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by Dawson and Heiss which induced Xereas to sign the contract, Xereas has failed to state a claim for either conspiracy to defraud or its underlying tort of fraudulent inducement.

IV. TORTIOUS INTERFERENCE WITH PROSPECTIVE BUSINESS RELATIONSHIPS [5]

Under D.C. law, a claim for tortious interference with prospective business relationships requires: " '(1) the existence of a valid business relationship or expectancy, (2) knowledge of the relationship or expectancy on the part of the interferer, (3) intentional interference inducing or causing a breach or termination of the relationship or expectancy, and (4) resultant damage.'" Jankovic v. Int'l Crisis Grp., 593 F.3d 22, 29, 389 U.S. App. D.C. 170 (D.C. Cir. 2010) (quoting Bennett Enterprises v. Domino's Pizza, Inc., 45 F.3d 493, 499, 310 U.S. App. D.C. 192 (D.C. Cir. 1995)). " Valid business expectancies may include lost future contracts and lost opportunities to obtain customers." Command Consulting Grp., LLC v. Neuraliq, Inc., 623 F.Supp.2d 49, 52 (D.D.C. 2009). However, any business expectancy must be " 'commercially reasonable to anticipate.'" Id. (quoting Browning v. Clinton, 292 F.3d 235, 242, 352 U.S. App. D.C. 4 (D.C. Cir. 2002)). " A valid business expectancy requires a probability of future contractual or economic relationship and not a mere possibility." Robertson v. Cartinhour, 867 F.Supp.2d 37, 60 (D.D.C. 2012) (internal quotation marks omitted); see also Nat'l R.R. Passenger Corp. v. Veolia Transp. Servs., Inc., 791 F.Supp.2d 33, 56 (D.D.C. 2011) (stating that the plaintiff must show a " reasonable likelihood" of receiving a contract and " mere speculative contractual expectations or hope are insufficient" to state a claim for tortious interference with prospective business relationships (internal quotation marks omitted)). A claim of tortuous interference with prospective business relations cannot survive where the plaintiff does not allege any specific future business relations or expectancies and only provides general references to potential opportunities. See e.g., Command Consulting Grp., LLC, 623 F.Supp.2d at 52-53; Sheppard v. Dickstein, Shapiro, Morin & Oshinsky, 59 F.Supp.2d 27, 34 (D.D.C. 1999); Kwang Dong Pharm. Co. v. Han, 205 F.Supp.2d 489, 496-97 (D. Md. 2002) (dismissing a tortuous interference claim under D.C. law because the plaintiff " has not pointed to any specific contractual relations that [the defendant] allegedly interfered with" ).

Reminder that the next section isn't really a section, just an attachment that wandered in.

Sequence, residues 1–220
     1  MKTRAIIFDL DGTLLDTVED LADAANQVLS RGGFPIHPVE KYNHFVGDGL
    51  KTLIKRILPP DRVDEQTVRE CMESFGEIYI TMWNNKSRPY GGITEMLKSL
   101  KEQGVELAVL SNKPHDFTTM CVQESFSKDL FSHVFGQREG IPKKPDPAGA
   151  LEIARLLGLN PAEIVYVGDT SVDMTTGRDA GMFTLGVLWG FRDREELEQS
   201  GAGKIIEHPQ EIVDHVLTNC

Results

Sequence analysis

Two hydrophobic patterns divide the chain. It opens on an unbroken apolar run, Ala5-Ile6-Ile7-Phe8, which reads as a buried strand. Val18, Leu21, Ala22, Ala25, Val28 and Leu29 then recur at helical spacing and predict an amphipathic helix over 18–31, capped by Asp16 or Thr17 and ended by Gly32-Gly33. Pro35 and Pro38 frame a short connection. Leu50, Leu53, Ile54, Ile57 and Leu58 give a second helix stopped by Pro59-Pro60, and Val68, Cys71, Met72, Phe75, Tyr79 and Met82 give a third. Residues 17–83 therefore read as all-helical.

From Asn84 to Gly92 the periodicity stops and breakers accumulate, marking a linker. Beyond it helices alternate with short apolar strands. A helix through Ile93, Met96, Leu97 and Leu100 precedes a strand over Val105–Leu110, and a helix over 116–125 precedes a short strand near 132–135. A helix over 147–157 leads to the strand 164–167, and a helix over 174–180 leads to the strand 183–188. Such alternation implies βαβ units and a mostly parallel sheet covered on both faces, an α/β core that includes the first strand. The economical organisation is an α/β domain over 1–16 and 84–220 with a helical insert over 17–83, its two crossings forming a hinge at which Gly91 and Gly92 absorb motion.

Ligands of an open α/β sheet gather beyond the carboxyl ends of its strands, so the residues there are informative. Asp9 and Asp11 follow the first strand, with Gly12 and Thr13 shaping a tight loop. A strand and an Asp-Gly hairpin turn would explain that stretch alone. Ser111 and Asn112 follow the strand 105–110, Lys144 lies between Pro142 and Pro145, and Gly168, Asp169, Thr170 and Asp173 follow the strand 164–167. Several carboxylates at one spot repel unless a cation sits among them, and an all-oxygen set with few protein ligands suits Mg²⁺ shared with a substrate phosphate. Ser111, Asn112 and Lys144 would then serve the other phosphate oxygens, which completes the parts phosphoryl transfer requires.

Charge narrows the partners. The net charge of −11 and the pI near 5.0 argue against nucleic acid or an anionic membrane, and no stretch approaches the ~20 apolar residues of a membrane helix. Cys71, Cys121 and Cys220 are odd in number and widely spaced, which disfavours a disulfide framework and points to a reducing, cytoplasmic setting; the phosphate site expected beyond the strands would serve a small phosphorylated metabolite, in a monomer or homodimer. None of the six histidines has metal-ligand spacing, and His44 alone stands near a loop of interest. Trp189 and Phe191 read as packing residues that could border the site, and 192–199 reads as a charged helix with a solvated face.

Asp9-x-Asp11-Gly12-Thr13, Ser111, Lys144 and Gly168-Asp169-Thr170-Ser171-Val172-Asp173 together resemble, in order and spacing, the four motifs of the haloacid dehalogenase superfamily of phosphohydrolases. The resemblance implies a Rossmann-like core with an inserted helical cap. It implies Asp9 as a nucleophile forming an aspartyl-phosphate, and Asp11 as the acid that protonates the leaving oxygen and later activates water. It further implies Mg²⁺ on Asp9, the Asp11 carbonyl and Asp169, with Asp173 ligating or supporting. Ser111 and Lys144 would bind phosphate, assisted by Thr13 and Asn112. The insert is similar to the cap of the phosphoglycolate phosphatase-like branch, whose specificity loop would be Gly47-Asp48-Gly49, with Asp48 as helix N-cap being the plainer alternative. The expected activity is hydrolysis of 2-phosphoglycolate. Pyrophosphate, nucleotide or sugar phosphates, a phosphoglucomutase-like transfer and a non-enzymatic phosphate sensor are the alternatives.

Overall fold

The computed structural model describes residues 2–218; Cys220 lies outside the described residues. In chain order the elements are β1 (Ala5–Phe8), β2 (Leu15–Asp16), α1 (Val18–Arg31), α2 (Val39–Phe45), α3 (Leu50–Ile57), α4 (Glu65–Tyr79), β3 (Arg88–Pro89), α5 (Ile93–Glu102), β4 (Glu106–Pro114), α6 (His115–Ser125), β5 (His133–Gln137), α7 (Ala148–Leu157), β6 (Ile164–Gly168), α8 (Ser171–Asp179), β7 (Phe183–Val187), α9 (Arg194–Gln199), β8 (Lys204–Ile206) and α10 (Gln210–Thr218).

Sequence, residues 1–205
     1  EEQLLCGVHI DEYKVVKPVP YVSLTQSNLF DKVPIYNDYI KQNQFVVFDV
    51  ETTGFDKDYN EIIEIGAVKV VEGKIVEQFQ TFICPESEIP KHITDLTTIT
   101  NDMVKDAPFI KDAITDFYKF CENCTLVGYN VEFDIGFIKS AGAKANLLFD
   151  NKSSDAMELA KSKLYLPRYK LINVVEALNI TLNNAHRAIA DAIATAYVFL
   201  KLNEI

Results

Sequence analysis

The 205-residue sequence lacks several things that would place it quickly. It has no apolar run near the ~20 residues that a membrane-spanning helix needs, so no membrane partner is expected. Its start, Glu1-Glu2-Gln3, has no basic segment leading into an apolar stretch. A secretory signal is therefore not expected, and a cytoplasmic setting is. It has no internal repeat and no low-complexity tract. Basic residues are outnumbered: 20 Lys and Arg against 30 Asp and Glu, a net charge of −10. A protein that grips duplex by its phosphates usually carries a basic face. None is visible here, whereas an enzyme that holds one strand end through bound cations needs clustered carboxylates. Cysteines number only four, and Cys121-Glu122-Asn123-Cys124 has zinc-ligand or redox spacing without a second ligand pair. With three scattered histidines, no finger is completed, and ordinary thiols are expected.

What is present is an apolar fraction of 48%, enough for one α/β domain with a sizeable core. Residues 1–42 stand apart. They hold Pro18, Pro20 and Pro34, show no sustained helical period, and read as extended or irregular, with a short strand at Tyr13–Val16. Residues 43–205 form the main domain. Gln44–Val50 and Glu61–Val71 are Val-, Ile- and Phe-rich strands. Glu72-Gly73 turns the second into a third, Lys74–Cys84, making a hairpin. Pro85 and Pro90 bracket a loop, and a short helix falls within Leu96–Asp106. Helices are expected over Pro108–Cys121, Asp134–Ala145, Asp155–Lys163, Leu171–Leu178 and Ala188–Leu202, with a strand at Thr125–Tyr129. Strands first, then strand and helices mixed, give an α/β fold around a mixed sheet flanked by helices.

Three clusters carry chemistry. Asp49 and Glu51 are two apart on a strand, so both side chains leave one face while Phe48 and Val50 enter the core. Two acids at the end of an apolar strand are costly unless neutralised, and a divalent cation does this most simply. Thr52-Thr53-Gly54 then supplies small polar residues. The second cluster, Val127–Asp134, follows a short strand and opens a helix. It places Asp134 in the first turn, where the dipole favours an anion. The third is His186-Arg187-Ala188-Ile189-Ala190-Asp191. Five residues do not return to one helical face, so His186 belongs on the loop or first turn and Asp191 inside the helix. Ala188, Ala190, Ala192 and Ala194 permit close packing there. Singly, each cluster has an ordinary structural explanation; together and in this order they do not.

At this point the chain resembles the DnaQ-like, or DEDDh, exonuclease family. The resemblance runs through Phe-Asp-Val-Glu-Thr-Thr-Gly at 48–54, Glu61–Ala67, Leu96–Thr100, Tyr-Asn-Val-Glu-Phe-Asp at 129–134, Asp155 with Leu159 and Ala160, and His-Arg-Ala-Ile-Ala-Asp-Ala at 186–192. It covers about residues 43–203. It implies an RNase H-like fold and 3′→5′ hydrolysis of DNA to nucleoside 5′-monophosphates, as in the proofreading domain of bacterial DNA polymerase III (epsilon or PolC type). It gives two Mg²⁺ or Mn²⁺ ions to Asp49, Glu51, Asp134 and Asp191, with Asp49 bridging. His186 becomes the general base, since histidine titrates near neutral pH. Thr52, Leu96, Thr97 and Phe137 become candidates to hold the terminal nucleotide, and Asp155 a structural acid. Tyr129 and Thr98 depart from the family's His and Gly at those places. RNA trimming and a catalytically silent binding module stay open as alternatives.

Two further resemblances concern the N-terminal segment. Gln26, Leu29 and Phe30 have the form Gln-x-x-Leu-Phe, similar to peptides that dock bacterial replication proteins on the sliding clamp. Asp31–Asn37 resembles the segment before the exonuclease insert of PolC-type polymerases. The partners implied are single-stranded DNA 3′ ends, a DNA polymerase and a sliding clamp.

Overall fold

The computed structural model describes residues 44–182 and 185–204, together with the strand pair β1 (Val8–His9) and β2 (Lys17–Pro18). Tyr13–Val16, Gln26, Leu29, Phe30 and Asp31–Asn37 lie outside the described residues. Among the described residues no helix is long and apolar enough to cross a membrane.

Here, Xereas has not alleged an identified prospective business relationship which is commercially reasonable to anticipate. Xereas generally alleges that Dawson and Heiss interfered with his " long standing business relationships with numerous persons in the comedy field[.]" Pl.'s Resp. to Defs.' Mot. to Dismiss at 8; see Am. Compl. ¶ ¶ 12, 71-73. Xereas further alleges that Dawson and Heiss's actions interfered with " his ability to maintain contact and relationships, and continue doing business" with Xereas's contacts in the entertainment industry, specifically " current and prospective customers and industry players[.]" Am. Compl., Count VIII, ¶ ¶ 104-05. Xereas's claim focuses on his past positions and relationships; Xereas's failure to identify any specific future employment prospect undermines his claim. The amended complaint has not stated a cause of action

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for tortious interference with prospective business relations against Dawson and Heiss.

V. UNJUST ENRICHMENT